The reality is that some drugs/supplements may: (1) alter CYP2C19 function (altering PPI metabolism and subsequent efficacy); (2) increase stomach acidity; and/or (3) alter GI and/or esophageal sphincter pressure/function.

Medical doctors and/or pharmacists may not be aware of every medication/supplement that a patient is using (particularly if some are unreported or purchased OTC) – yet some of these may interact with or overpower the effects of PPIs to cause the PPI to stop working.

In other cases, medical doctors and/or pharmacists may know about every medication/supplement that a patient is using – but might be unaware that certain substances can cause or exacerbate reflux (due to lack of formal research) – such that patients are never told to discontinue usage and/or try lower risk alternatives.

2. Exacerbation of medical conditions (unrelated to the PPI)

Reflux-inducing conditions

Functional GI disorders; eosinophilic esophagitis; H. Pylori infection; hiatal hernia; digestive disorders; binge eating disorder; etc.

All these conditions could worsen reflux irrespective of PPI therapy.

Example #1: Hiatal hernia becomes larger due to a combination of gaining significant weight and/or straining while lifting an object – such that there’s now greater acid backflow up the esophagus than before.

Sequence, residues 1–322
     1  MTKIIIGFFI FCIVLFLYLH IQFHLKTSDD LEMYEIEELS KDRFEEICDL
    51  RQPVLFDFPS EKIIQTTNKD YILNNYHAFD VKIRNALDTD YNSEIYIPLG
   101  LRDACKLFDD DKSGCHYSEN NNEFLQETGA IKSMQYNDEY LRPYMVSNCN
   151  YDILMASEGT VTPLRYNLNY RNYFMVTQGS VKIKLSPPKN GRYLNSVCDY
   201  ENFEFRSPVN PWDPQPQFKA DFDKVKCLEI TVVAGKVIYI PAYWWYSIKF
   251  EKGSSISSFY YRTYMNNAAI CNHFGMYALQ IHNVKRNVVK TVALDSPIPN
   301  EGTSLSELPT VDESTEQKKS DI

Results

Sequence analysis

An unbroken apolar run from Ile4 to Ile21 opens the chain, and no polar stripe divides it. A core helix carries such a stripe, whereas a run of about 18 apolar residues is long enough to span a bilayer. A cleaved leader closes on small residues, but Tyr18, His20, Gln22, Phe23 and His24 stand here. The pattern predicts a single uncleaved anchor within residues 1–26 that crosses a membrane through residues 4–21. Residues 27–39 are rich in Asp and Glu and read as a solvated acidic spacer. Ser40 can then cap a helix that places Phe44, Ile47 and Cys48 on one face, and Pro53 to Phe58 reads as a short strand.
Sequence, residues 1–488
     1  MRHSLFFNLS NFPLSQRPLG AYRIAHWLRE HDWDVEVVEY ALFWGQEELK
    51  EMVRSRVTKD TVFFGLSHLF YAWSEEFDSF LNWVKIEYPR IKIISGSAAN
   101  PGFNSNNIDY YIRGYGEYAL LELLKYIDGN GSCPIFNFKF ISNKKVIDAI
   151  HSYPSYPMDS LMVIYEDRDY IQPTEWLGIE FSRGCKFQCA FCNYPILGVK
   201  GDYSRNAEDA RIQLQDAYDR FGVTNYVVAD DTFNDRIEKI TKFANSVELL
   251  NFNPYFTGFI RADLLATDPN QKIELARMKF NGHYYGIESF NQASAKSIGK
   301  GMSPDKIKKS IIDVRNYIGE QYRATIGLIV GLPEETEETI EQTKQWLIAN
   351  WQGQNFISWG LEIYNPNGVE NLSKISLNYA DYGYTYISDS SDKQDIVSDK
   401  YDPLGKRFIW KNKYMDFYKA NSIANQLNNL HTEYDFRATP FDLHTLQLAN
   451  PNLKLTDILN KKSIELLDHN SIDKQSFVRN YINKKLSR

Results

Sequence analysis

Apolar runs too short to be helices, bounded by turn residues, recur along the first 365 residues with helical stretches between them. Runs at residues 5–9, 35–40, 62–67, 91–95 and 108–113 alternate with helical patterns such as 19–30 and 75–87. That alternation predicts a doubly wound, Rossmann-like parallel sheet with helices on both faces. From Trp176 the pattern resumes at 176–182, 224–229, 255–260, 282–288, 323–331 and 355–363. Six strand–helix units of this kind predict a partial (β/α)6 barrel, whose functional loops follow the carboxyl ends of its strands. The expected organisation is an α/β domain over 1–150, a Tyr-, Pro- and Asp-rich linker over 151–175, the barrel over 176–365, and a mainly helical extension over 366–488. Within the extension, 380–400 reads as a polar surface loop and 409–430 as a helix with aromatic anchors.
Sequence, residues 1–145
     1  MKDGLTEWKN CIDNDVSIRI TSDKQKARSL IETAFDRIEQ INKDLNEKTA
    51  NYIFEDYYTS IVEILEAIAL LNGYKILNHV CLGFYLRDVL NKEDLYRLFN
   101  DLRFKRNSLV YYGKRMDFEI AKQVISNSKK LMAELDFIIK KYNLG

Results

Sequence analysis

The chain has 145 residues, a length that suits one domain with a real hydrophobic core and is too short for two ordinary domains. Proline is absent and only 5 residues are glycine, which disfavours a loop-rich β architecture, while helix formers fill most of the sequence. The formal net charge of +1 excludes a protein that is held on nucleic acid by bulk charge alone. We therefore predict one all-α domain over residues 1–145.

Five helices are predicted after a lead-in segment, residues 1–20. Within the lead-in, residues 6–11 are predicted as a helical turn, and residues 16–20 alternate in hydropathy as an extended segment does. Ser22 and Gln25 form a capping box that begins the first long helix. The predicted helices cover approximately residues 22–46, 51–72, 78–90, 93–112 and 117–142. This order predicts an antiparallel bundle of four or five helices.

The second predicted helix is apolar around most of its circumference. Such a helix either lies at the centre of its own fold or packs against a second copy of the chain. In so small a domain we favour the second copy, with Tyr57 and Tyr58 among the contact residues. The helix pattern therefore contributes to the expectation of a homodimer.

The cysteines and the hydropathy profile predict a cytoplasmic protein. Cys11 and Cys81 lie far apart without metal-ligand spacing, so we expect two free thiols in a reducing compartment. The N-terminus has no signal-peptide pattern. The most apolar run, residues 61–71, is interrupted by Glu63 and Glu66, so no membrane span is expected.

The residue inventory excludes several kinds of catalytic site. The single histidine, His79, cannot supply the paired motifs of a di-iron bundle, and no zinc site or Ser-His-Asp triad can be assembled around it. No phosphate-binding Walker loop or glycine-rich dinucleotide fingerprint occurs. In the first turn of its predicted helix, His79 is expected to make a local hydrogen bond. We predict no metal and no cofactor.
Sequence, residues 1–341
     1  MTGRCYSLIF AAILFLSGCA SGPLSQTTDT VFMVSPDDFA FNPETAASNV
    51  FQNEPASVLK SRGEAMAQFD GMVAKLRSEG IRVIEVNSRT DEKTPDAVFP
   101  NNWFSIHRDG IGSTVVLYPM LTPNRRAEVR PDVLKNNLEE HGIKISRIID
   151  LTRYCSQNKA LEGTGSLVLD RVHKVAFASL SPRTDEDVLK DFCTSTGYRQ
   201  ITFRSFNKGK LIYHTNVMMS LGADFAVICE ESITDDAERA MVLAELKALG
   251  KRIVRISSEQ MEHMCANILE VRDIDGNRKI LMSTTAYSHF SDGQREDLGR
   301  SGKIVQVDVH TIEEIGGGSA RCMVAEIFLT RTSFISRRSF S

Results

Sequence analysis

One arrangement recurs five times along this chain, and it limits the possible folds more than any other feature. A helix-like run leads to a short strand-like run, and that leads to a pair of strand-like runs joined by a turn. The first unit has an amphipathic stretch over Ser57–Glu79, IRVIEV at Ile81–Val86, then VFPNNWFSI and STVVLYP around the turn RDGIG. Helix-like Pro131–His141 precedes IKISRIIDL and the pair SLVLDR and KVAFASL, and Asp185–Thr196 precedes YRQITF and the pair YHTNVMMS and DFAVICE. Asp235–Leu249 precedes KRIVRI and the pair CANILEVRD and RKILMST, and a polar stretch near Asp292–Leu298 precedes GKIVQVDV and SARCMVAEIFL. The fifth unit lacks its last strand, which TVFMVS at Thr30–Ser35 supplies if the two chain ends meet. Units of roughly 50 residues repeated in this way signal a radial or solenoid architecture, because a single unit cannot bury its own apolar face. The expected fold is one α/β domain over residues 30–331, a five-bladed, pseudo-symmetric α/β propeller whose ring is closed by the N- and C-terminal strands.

Example #2: Someone with H. Pylori might derive a bit of benefit from standalone PPI therapy –then might find that it stops working or fails to fully manage the condition… this is because more meds are needed.

Conditions that could worsen reflux

Sleep disorders (e.g. sleep apnea); neuropsychiatric disorders (e.g. anxiety, bipolar, depression, schizophrenia); obesity (or being overweight); allergies; autoimmune conditions; cancers; etc.

All these conditions could worsen reflux irrespective of PPI therapy.

If you aren’t properly managing other aspects of your health – it could directly or indirectly worsen reflux such that you perceive the PPI has stopped working (despite the PPI eliciting the exact same effect it always has).

Esophageal hypersensitivity (?)

Esophageal hypersensitivity may cause individuals to believe a PPI has stopped working due to the fact that the esophagus has become hypersensitive due to psychiatric and/or neurological conditions.

Treatment of the hypersensitivity with a neuromodulatory agent like amitriptyline tends to generate improvement and may complement the PPI’s acid-reducing effect.